It took almost 50 years from 1930 to the 1960s-1970s for mammography to become widely used as a screening tool for breast cancer. In the 1980s and 1990s, digital mammography became more widely adopted. This new technology allowed images to be captured and stored electronically, which made it easier to store, transmit, and manipulate images. In addition, digital mammography also improved image quality and provided better visualization of dense breast tissue.

Digital breast tomosynthesis (DBT) was approved by the FDA for breast cancer screening in 2011, subsequently becoming a standard of care. This technique acquires a series of low-dose breast tissue images and then reconstructs them into thin parallel planes through a computer algorithm. DBT is particularly useful for women with denser breast tissue, as cancer is harder to detect in such cases. According to retrospective studies in the U.S. and prospective studies in Europe, combining DBT with conventional 2D mammography leads to decreased recall rates and improved breast cancer detection. False positives also decreased, which reduces the need for additional imaging, office visits, and other downstream costs.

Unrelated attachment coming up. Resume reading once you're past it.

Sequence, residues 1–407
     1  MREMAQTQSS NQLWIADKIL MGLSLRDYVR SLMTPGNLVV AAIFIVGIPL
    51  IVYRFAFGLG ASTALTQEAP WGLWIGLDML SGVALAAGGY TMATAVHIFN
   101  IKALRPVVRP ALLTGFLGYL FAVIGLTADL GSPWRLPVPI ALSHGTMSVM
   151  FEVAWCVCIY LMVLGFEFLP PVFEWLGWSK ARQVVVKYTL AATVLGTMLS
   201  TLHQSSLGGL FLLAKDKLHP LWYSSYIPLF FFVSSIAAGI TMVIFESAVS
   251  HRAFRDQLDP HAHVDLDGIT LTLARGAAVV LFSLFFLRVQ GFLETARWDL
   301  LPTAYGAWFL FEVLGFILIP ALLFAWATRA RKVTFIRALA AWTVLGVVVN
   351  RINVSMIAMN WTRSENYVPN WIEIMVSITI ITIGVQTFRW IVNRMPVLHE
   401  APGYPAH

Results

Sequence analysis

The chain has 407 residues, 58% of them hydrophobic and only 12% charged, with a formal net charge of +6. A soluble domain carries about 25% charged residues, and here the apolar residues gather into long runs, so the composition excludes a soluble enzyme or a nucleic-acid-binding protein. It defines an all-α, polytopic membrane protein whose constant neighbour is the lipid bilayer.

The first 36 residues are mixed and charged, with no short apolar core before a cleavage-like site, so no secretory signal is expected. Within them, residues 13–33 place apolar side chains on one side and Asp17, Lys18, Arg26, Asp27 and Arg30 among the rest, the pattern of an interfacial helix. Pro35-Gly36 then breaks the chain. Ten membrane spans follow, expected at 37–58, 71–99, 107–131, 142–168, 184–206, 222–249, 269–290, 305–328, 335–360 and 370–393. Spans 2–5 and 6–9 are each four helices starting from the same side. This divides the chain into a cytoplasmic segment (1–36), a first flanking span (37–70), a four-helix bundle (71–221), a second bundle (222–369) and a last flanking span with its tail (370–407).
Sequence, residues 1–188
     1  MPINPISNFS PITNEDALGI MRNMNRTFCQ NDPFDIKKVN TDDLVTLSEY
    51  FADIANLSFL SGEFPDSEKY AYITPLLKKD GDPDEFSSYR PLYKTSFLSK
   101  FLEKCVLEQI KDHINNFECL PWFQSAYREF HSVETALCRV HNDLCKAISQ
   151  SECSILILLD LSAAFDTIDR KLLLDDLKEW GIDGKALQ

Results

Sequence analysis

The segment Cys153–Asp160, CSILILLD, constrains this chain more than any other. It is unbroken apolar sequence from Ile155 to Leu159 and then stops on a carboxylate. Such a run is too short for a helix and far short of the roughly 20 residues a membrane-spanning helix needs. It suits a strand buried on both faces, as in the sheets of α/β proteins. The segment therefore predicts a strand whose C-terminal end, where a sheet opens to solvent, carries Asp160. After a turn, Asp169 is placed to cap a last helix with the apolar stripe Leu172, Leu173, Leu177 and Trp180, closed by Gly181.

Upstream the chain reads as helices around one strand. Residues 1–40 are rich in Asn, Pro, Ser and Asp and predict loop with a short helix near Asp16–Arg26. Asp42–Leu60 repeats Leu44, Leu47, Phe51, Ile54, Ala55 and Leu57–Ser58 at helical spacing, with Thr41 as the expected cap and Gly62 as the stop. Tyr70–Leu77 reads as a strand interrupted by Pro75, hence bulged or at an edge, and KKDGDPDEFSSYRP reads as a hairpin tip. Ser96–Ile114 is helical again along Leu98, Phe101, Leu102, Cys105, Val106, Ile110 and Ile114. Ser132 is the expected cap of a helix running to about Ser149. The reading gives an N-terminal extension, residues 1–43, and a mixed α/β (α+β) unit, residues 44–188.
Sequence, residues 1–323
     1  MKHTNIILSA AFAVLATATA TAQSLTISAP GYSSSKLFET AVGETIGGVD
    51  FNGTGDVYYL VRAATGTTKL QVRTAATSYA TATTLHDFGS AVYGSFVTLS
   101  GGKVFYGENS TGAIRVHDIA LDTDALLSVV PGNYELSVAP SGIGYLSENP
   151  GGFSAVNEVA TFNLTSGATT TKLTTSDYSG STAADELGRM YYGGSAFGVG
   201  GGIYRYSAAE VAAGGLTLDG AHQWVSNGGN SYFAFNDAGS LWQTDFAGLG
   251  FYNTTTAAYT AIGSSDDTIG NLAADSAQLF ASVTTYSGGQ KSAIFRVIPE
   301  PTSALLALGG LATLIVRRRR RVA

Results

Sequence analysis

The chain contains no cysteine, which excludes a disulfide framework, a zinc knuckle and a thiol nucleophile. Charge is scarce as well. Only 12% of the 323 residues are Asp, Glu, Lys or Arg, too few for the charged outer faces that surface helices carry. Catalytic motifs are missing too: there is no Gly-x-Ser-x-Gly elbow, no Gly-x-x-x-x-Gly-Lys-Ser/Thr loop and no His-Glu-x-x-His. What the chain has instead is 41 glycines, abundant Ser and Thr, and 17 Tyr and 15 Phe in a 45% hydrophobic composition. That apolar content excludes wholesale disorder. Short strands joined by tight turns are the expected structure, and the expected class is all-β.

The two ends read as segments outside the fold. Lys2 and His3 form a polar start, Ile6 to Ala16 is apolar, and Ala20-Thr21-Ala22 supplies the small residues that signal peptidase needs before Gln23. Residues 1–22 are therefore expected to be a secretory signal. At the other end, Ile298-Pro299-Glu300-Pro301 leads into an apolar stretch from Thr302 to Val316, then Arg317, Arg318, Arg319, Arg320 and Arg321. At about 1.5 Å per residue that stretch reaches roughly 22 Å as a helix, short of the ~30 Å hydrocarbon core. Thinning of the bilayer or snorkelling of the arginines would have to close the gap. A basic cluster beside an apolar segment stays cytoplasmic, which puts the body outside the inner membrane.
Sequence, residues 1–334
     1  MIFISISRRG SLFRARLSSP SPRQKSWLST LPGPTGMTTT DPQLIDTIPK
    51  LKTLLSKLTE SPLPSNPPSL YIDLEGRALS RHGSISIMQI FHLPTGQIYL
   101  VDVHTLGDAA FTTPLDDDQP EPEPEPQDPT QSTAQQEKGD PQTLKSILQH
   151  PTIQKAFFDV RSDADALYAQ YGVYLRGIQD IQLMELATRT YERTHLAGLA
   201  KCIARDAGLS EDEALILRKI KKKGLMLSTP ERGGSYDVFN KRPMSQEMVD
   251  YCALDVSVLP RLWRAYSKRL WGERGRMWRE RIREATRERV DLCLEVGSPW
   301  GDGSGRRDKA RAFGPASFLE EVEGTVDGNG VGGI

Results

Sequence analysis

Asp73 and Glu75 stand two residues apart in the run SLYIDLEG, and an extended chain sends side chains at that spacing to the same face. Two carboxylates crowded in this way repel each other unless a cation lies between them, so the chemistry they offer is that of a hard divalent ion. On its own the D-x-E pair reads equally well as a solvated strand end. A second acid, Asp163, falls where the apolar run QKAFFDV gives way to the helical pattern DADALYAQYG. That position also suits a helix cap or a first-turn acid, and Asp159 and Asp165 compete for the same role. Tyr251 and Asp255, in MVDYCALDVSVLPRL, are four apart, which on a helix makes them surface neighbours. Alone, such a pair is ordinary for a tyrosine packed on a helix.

What types of enterprise imaging workflows are related to mammography?
Digital Imaging and Communications in Medicine (DICOM) is the standard for the communicating and managing of medical imaging information and related data. DICOM is most commonly used for storing and transmitting medical images enabling the integration of medical imaging devices such as scanners, servers, workstations, printers, network hardware, and PACS (picture archiving and communication systems) from multiple manufacturers. In mammography and breast imaging, DICOM is critical in streamlining workflows, improving the accuracy and efficiency of diagnoses, and enabling better patient care. DICOM systems support mammography and breast imaging workflows including